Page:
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Is This How a Market Behaves Before It Tops?
05/31/2017 2:53 am EST
If you have profits you’ve been riding a couple of years or longer, now would be a good time to take inventory to protect yourself and put reasonable stops in place, asserts Jeff Greenblatt, director of Lucas Wave International and editor of The Fibonacci Forecaster.
Last week we discussed the socionomic impact of President Trump’s historic visit to Saudi Arabia. The political pundits will look at it one way, but as traders we must look at it through the lens of the market and mass crowd psychology. History suggests historic agreements materialize much closer to market tops as opposed to bottoms.
Recently markets got hit as the political and financial worlds collided. Varney on Fox Business was right, traders are scared the political scandals are getting in the way of Trump’s growth and tax cut agenda. Trump was out of the country for a week, the market improved. Trump came home, conditions are thick again. Mind you, I’m not editorializing on Trump’s politics, this is a pure social observation of what we see. Other economic experts are starting to voice their concerns of the current state of the state.
The larger concern is whether this constant drip, drip, drip of tough news will sour the consumer that may create a lasting effect that will make the bear come out growling. As a market historian, I dipped into the catalog in my mind to recall the last time the market seriously collided with the political events of the day. We could talk about the Gulf Wars but this one runs deeper and what comes to mind is 1968. Go back to the 1960s and you’ll recall a double top in 1966 and 1968. The last time the nation had this kind of social unrest was that era. I thought we’d look at the events that led to the top.
Here is the weekly chart of 1968 and 1969. The market had initially peaked in February 1966 at 1001 but recovered to the high at 994 by December 1968. The very unpopular Vietnam war raged and the first shoe to drop was the equally disliked LBJ who decided not to seek nor would he accept the nomination of his party to run for president again. That was March 31. Less than a week later Dr. Martin Luther King was assassinated. Both events came after a 26-week correction of 14% in the Dow. Almost exactly two months later RFK was assassinated just as it appeared he would win the nomination after winning the California primary. Think of how traumatic it was. The country was still healing from the assassination of JFK, now it lost the second Kennedy but the Democratic Party lost the two biggest personalities it had in a space of two months due to one reason or another. Then put the MLK tragedy in the mix. Somehow the market survived and only dropped 7% from May to August. Then the nation had to deal with the Chicago riots at the Democratic National Convention.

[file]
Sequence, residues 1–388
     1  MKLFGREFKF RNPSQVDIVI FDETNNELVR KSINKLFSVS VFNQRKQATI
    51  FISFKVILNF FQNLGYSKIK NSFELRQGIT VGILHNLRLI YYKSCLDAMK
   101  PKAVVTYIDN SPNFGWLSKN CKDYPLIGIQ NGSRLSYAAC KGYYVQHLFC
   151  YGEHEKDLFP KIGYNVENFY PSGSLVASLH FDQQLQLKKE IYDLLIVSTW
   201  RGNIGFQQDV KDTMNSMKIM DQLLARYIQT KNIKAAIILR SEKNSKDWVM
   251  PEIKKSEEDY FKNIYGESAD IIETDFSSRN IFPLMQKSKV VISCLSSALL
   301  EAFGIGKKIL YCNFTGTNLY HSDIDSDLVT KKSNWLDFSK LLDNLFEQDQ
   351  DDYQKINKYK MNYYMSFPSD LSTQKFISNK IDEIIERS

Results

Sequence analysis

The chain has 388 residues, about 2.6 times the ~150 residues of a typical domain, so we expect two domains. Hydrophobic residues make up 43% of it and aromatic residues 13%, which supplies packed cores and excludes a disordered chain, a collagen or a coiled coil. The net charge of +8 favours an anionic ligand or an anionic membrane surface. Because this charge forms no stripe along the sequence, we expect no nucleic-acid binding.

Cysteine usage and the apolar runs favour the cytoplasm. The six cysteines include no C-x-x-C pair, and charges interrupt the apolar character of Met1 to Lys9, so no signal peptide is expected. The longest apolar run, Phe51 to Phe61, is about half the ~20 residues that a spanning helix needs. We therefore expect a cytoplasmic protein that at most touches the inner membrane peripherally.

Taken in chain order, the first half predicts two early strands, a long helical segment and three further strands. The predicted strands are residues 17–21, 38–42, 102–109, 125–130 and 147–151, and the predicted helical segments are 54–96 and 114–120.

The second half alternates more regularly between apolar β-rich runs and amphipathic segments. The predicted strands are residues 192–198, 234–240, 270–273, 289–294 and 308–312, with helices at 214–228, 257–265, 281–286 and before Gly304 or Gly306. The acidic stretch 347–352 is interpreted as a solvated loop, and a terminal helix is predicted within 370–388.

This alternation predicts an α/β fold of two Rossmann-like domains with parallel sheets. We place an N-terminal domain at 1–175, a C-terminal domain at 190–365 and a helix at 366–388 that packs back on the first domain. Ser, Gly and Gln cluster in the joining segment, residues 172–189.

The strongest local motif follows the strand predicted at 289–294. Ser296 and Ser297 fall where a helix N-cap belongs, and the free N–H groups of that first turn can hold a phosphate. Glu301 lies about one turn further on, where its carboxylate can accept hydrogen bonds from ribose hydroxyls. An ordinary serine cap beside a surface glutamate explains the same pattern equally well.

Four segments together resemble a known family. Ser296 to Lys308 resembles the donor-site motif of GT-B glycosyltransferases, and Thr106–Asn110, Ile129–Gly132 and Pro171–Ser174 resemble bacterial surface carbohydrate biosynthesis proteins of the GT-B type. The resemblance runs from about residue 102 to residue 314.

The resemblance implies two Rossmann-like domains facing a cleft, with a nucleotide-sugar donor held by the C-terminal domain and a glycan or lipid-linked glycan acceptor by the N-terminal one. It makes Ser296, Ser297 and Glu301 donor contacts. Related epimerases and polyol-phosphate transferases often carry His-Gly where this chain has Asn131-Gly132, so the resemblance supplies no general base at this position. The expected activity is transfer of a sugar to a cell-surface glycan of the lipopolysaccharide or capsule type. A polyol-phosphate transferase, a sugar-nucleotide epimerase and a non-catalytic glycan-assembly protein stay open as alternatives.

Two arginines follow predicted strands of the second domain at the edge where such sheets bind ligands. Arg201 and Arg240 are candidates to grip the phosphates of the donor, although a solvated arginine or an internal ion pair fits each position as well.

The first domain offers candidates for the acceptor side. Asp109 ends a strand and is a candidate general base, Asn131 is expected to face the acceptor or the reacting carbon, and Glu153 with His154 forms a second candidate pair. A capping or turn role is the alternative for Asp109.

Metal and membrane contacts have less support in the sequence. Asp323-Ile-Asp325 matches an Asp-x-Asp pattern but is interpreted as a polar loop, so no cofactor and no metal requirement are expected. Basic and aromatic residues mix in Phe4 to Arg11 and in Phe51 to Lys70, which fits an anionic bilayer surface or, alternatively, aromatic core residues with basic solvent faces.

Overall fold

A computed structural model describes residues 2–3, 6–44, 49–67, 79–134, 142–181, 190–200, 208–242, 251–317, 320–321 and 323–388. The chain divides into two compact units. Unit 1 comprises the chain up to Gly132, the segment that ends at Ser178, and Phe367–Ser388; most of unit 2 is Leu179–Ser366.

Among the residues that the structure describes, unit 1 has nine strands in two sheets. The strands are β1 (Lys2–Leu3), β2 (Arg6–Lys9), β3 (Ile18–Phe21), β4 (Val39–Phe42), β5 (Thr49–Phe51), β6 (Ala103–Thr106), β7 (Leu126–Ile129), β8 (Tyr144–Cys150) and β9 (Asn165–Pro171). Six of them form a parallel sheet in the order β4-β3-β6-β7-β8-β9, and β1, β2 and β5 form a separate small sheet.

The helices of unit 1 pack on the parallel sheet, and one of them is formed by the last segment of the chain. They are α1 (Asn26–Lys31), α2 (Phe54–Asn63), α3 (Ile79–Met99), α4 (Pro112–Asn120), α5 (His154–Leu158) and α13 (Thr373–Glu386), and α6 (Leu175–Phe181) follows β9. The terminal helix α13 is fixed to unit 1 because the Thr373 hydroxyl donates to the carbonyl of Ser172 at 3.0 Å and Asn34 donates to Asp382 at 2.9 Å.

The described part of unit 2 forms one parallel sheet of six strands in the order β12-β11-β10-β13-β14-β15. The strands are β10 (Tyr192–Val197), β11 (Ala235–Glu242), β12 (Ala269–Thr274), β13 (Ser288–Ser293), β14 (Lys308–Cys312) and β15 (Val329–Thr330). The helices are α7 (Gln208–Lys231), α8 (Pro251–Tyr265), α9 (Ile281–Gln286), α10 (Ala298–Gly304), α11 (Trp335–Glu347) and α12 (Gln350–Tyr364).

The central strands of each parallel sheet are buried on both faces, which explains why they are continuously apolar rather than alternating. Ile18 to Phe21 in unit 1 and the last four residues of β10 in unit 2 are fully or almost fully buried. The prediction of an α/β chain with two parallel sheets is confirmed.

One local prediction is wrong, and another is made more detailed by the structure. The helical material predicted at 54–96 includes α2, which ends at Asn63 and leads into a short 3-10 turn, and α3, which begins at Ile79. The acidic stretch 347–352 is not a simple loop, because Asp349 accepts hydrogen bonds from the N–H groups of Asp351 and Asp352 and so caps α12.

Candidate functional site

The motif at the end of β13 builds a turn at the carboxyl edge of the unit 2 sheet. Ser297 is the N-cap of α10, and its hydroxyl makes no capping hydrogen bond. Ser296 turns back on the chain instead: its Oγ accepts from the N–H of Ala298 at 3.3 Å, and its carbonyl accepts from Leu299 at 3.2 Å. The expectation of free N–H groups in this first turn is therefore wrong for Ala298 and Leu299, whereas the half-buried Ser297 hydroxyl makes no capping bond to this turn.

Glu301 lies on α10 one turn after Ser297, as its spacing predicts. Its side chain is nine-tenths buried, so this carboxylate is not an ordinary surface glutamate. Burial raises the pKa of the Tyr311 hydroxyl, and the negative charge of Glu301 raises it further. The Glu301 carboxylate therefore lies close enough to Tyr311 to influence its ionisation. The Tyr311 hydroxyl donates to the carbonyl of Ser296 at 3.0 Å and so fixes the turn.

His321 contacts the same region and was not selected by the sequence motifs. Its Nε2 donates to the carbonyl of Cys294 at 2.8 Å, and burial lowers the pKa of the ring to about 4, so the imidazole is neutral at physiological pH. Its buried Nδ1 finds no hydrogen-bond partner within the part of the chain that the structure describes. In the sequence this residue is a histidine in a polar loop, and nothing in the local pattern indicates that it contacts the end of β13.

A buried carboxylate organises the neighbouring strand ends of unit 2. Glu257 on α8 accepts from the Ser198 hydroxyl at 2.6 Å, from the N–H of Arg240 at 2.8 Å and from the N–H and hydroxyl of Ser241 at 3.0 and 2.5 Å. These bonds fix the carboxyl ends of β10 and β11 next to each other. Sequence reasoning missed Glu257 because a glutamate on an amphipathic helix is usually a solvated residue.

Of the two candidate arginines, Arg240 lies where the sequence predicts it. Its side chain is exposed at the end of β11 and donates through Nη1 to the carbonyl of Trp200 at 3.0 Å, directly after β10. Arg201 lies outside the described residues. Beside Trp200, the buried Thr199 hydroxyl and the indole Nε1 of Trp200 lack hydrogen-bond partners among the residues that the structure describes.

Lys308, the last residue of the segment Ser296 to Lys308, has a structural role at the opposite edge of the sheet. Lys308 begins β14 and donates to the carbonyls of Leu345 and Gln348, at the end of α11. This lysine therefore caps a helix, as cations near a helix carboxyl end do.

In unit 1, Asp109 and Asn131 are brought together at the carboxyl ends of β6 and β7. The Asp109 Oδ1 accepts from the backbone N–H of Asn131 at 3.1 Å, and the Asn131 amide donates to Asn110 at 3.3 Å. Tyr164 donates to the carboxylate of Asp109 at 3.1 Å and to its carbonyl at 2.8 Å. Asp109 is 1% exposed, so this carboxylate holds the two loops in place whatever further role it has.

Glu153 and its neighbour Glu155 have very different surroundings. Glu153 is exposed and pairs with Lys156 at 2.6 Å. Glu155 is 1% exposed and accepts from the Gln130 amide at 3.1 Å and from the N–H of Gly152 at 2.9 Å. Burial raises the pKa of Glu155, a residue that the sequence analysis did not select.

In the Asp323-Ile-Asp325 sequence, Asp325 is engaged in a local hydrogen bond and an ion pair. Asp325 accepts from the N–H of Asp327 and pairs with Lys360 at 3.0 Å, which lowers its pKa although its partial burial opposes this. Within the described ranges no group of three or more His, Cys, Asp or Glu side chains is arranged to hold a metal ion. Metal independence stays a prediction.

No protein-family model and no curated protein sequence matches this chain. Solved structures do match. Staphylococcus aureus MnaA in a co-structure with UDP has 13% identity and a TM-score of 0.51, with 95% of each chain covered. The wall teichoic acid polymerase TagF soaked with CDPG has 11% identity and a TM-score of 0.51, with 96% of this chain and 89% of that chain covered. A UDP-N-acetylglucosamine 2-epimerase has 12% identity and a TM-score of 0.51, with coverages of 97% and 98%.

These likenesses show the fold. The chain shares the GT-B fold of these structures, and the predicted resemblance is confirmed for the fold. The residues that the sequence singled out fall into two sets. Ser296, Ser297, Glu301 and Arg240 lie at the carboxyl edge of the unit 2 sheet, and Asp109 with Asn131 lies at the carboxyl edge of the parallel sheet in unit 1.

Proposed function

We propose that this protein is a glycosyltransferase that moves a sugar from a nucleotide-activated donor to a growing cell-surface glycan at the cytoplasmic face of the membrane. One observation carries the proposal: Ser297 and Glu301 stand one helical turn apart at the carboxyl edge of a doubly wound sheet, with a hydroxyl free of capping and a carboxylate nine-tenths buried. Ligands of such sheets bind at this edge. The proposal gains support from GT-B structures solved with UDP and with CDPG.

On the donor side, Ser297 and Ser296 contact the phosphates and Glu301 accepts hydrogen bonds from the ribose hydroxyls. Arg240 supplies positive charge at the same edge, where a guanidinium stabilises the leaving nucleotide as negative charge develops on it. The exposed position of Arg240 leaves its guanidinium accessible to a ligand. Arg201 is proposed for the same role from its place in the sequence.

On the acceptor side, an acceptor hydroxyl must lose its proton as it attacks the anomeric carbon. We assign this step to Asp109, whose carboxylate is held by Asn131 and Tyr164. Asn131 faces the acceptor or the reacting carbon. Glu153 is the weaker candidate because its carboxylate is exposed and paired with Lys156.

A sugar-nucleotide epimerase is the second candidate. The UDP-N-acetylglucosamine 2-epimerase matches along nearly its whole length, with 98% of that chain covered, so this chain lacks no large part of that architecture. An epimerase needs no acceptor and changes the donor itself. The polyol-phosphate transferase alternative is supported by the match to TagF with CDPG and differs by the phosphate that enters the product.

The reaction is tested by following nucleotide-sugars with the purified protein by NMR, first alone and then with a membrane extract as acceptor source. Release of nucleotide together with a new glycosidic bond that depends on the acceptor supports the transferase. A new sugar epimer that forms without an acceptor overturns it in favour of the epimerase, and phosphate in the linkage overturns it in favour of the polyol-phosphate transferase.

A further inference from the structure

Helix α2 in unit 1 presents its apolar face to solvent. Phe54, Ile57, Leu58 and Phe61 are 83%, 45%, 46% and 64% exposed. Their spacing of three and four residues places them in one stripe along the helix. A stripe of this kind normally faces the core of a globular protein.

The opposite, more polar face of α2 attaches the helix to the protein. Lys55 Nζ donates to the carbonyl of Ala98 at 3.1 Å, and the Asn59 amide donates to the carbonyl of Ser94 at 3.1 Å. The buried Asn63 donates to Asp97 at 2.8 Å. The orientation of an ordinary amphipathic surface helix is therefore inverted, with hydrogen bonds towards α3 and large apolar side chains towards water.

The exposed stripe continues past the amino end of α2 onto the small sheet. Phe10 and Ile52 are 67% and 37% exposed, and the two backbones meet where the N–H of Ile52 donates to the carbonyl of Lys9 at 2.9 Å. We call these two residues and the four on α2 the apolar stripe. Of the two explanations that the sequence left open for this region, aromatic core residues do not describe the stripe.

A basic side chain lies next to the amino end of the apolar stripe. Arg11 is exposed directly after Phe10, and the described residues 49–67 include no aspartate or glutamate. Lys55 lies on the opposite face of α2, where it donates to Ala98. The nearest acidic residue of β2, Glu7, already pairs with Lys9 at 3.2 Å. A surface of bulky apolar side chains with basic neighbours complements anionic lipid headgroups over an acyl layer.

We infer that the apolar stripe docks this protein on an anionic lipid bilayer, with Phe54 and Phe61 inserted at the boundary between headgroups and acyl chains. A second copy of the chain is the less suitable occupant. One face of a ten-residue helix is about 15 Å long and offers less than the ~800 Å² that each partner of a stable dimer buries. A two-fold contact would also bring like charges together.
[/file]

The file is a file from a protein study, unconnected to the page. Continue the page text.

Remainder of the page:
I’m not going to catalog current events for you, there are enough outlets for that. But I think we can all agree, whichever side of the aisle you are on, these are very serious times we are living in. You can see eventually the crowd had enough and finally rolled over. It didn’t stop going down until the Kent State shooting which was the traumatic event of the day. That was the bad news event that bottomed the market. The Dow eventually made a higher high and a lower low before it faded into oblivion until Reagan came along.
Our current euphoria market is going to wake up. It’s only a matter of time. I’ve offered up a cycle point tied to both 1966 and 1987 coming due in the fall. History shows us mass crowd psychology will only take so much. Do not take this information as an invitation to bet the farm right here. There are some warning signs but if you have profits you’ve been riding the past couple of years or longer, now would be a good time to take inventory to protect yourself and put reasonable stops in place.
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